Saturday, September 13, 2008

Too Cool To Be Forgotten? Hmm....

Too Cool To Be Forgotten by Alex Robinson is a recent graphic novel about a middle aged man (40) who gets hypnotized to quit smoking and finds himself a 15 year old in 1985--back in high school again. I got it at the library because 1) I'm a sucker for time travel 2) the character is my age (class of '87) 3) I was hoping the story might offer some interesting insight into the 80's/00's youth/middle age 4) I'll pretty much read anything in comic book form ....
...well it's really not good! oh well. I mean, I guess I would recommend this if you are stuck somewhere and have to kill time, but it's full of uninteresting cliches, bad storytelling and doesn't have much to say, generally. I was thinking that the art, while not great, was probably the most interesting part, but then Pete Best picked it up and said "this art is terrible". ha! I mean, that could have been a stylistic assessment, but I took it to mean it wasn't done well, which is something I'm not really qualified to evaluate...still, I do think this drawing is the best part:

Anyhow this brings me back to one of my themes, which is, I'm not sure how to evaluate a work of fiction here, other than to express a personalized reaction to it. Your thoughts?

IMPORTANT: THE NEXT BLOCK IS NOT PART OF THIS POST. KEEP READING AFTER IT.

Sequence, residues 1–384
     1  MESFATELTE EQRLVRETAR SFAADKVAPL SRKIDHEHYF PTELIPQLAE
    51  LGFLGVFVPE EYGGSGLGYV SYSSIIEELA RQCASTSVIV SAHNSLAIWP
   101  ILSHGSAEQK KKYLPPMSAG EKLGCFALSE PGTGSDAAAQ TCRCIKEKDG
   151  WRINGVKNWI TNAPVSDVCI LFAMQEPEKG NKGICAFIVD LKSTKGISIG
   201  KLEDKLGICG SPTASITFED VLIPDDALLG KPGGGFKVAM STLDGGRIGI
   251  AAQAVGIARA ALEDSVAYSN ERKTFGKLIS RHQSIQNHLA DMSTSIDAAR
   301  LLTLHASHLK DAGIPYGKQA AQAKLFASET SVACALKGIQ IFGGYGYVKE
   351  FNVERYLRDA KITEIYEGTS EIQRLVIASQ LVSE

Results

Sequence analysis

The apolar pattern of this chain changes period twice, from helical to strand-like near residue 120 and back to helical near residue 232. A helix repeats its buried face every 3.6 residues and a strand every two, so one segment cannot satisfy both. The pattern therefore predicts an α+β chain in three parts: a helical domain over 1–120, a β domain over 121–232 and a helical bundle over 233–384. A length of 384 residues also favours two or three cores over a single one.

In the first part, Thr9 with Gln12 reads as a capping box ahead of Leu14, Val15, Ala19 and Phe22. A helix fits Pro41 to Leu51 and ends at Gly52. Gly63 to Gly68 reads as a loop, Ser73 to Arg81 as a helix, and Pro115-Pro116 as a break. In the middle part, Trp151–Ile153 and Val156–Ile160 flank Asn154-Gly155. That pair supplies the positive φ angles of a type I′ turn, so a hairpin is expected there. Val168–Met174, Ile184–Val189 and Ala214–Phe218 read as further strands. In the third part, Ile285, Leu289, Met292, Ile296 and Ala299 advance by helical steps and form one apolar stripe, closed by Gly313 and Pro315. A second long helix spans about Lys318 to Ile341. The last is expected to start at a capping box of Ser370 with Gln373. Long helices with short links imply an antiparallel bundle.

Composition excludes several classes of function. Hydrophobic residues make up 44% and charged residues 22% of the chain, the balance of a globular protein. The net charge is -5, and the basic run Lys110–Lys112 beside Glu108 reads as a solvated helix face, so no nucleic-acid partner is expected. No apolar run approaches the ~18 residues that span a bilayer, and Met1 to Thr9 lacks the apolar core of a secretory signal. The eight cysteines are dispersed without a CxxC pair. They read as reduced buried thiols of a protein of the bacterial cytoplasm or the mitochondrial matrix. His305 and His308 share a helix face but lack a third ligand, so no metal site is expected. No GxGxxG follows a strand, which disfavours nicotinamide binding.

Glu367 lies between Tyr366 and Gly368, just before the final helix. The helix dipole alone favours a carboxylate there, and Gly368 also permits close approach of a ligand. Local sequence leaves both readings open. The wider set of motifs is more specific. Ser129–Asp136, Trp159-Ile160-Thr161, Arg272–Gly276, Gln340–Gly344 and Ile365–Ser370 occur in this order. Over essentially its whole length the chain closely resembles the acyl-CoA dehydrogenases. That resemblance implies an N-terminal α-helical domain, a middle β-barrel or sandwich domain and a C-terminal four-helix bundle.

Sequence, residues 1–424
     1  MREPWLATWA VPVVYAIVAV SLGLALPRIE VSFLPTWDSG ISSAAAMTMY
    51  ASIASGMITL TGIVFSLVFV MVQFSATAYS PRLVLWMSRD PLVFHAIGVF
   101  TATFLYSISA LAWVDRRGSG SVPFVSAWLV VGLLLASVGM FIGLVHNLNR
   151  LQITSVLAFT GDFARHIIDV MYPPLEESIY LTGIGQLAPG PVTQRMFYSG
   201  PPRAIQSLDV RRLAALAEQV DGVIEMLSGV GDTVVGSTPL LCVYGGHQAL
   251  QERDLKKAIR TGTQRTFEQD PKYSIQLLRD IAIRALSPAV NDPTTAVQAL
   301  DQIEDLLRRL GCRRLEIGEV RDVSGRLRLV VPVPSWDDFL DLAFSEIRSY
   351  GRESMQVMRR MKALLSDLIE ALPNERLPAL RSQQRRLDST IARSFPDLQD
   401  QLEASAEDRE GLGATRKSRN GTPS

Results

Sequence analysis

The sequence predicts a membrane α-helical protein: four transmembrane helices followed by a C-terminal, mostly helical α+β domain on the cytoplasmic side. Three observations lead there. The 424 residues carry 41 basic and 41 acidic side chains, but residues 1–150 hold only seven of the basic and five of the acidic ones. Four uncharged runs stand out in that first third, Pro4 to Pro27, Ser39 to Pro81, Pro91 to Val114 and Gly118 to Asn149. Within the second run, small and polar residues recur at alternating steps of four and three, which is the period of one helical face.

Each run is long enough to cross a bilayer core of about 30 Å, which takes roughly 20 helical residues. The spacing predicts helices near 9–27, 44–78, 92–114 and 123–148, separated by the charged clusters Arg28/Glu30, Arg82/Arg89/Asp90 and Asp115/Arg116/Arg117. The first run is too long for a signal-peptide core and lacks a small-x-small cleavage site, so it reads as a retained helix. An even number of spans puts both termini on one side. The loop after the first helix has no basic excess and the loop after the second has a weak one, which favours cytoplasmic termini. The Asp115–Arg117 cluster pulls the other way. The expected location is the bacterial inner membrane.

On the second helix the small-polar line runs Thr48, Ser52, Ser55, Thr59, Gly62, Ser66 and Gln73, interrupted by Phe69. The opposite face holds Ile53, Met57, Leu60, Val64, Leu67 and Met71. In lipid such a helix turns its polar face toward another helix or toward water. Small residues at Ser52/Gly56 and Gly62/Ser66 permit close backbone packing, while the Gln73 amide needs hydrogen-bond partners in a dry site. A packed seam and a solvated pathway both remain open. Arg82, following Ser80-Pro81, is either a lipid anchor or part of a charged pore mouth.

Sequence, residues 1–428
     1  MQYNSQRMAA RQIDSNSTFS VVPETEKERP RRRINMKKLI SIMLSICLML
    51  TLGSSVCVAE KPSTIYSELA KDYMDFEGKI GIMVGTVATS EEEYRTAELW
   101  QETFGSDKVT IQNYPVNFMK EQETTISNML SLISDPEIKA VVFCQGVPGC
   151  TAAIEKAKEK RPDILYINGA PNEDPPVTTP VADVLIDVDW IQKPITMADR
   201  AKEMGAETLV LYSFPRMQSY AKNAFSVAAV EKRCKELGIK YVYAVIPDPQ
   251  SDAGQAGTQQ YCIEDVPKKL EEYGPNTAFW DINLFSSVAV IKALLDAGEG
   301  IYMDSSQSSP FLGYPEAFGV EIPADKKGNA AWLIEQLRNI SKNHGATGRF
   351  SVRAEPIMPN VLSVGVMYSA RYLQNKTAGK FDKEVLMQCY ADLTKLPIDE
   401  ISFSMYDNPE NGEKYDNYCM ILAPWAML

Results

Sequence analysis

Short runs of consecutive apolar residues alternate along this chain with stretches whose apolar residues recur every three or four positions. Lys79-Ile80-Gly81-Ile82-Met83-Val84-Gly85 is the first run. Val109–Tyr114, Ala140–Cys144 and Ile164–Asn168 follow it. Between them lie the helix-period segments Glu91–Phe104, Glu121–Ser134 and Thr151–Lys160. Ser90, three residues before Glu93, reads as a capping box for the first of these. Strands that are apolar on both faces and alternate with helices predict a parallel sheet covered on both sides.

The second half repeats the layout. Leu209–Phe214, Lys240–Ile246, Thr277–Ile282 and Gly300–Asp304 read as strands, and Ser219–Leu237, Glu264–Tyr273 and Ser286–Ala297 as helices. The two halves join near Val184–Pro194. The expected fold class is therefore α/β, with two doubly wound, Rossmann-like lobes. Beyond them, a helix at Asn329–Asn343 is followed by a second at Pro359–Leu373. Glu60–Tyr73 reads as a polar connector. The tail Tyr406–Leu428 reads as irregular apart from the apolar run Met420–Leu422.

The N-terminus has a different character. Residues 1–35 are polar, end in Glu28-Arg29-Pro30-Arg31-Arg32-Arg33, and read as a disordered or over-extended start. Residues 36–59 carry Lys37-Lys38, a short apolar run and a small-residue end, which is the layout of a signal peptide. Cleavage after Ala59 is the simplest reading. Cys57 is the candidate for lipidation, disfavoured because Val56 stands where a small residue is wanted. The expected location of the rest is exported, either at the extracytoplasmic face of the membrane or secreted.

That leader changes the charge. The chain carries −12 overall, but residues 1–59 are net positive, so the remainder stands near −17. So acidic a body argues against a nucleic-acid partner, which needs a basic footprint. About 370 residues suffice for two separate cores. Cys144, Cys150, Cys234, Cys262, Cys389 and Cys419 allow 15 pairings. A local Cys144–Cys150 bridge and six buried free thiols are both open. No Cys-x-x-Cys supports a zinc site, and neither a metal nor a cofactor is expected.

Also, I know there are some comics fans on here...taking suggestions! I think I have to stop checking out things featured in mainstream entertainment magazines.


saralibrarian said...

"pride of baghdad" by brian k. vaughan.

"the plain janes" by cecil castellucci.

"diary of a teenage girl" by phoebe gloeckner

anything by joe sacco (especially "safe area gorazde" and "palestine") but not his autobiographical piece called "notes from a defeatist" which i hated.

"mother, come home" by paul hornschemier.

"THE WATCHMEN" by alan moore (you've probably already read this). it has a crazy long hold list right now but you can borrow my copy if you want.

"fun home" by alison bechdel

"ghost world" by daniel clowes (so much better than the movie... not that i hated the movie). an amazing example of a dude doing an incredible job writing in the voice of teenage girls. this is the first graphic novel i read and loved. before this one, i only "read" them for the pictures.

"epileptic" by david b. (it ends with a quote from fernando pessoa!)

"remembrance of things past: combray" by stephane houet (via proust).

julie doucet

jim woodring

you can check out issues of "comics journal" from the library, too.

saralibrarian said...

how to succeed at globalization: a primer for roadside vendors
by El Fisgon
(translated by Mark Fried)